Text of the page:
Meiko Computing SurfaceThe Meiko Computing Surface is a distributed-memory massively parallel supercomputer with a variety of individual processors inside.
Meiko Scientific was founded by members of the design team working on the INMOS Transputer. When management suggested the release of the Transputer be delayed, Miles Chesney resigned and started work on machines based on the CPU. Nine weeks later they demonstrated a Transputer system at the SIGGRAPH in San Francisco in July 1985, which was released in 1986 as the Computing Surface.
The original Computing Surface (later known as the CS-1) used numbers of Transputer T414's connected together using their internal communications links, running a Unix-like OS known as MeikOS. The T414's were replaced with T800's as soon as these became available. Users were expected to write applications for the CS on other machines they owned, and then upload the programs for running on the machine. This process was improved with the addition of a standard Sun Microsystems workstation to act as a "front end". Users could then program using tools running under SunOS, which would be uploaded and run automatically.
As the speed of the Transputer fell in relation to the other RISC chips on the market (the competitive T9000 took too long to ship) Meiko added the ability to replace the T800's with Intel i860s. Systems were typically sold with one or two i860's on a card along with two T800's acting as a communications system (referred to as a Network Interface Processor). The cards also included 64kB of cache and up to 32MB of RAM. Sold as the Concerto or CS i860, the system was not very popular.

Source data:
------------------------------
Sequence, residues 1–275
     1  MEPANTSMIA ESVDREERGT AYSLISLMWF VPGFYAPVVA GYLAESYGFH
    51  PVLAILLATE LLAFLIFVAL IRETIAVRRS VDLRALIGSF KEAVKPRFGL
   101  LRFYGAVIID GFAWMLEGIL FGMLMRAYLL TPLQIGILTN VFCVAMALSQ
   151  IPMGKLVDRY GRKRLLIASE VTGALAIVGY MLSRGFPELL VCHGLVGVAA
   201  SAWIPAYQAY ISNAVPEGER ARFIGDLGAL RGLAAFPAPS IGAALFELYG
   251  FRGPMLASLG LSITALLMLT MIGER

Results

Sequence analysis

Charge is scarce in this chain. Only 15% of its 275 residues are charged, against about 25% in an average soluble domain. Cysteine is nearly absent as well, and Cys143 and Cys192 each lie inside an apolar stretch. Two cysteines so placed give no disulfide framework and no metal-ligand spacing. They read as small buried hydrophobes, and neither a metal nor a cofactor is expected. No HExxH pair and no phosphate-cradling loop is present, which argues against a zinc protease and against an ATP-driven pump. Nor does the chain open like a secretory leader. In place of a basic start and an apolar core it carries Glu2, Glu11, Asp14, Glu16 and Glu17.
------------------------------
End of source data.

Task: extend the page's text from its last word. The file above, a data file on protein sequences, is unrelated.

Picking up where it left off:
The final machine in the Meiko lineup was the CS-2, which replaced the i860's with SPARC CPU's. The expansion cards were similar to those in the earlier machines, mounting RAM, cache, and a SuperSPARC CPU, and could add an additional vector processing chip from Fujitsu. Unlike the earlier systems the CS-2 no longer used the T800 as a link, and instead replaced them with custom hardware that was much faster.
A major drawback of the Meiko architecture was poor I/O bandwidth for general data shuffling. Although aggregate bandwith for special case data shuffling could be very high, the general case has very poor performance relative to the compute bandwidth. This made the Meiko computing surface uneconomic for many applications.
As of late 2002, the Meiko website was down, which appears to have been the case for some time.
The Meiko technical team was transfered to a joint venture company called Quadrics formed with Alenia Spazio in mid 1996. The Elan2 network ASIC (a directly attached UltraSPARC UPA device) was dropped and a new PCI based device (Elan3) was instead produced. The initial Elan3 platform was UltraSPARC based but was quickly replaced by Dec-Alpha based systems as Quadrics formed a new relationship with the Digital-Equipment-Corporatio/Compaq. The combination of Quadrics and Alpha EV6 CPUs proved very successful and Digital/Compaq rapidly became one of the worlds largest suppliers of supercomputers. This culminated with the building the largest machine in the USA ; the 20TF ASCI Q supercomputer installed at Los-Alamos-National-Laboratory in 2002/2003. This machine consists of 2048 4*1.25GHz CPU EV67 Alphaserver SC ES45 nodes and two rails of the Quadrics QsNet network.
As of June 2003, 6 out of the top 10 fastest machines in the world were Quadrics connected.